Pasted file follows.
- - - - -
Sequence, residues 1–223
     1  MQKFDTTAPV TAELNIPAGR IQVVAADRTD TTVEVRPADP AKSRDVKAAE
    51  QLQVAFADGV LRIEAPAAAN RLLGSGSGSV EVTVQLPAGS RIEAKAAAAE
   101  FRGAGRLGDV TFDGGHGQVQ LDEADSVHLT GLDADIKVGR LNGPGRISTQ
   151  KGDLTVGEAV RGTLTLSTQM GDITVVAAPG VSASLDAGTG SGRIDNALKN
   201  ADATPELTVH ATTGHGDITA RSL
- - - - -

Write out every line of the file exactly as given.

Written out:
Sequence, residues 1–223
     1  MQKFDTTAPV TAELNIPAGR IQVVAADRTD TTVEVRPADP AKSRDVKAAE
    51  QLQVAFADGV LRIEAPAAAN RLLGSGSGSV EVTVQLPAGS RIEAKAAAAE
   101  FRGAGRLGDV TFDGGHGQVQ LDEADSVHLT GLDADIKVGR LNGPGRISTQ
   151  KGDLTVGEAV RGTLTLSTQM GDITVVAAPG VSASLDAGTG SGRIDNALKN
   201  ADATPELTVH ATTGHGDITA RSL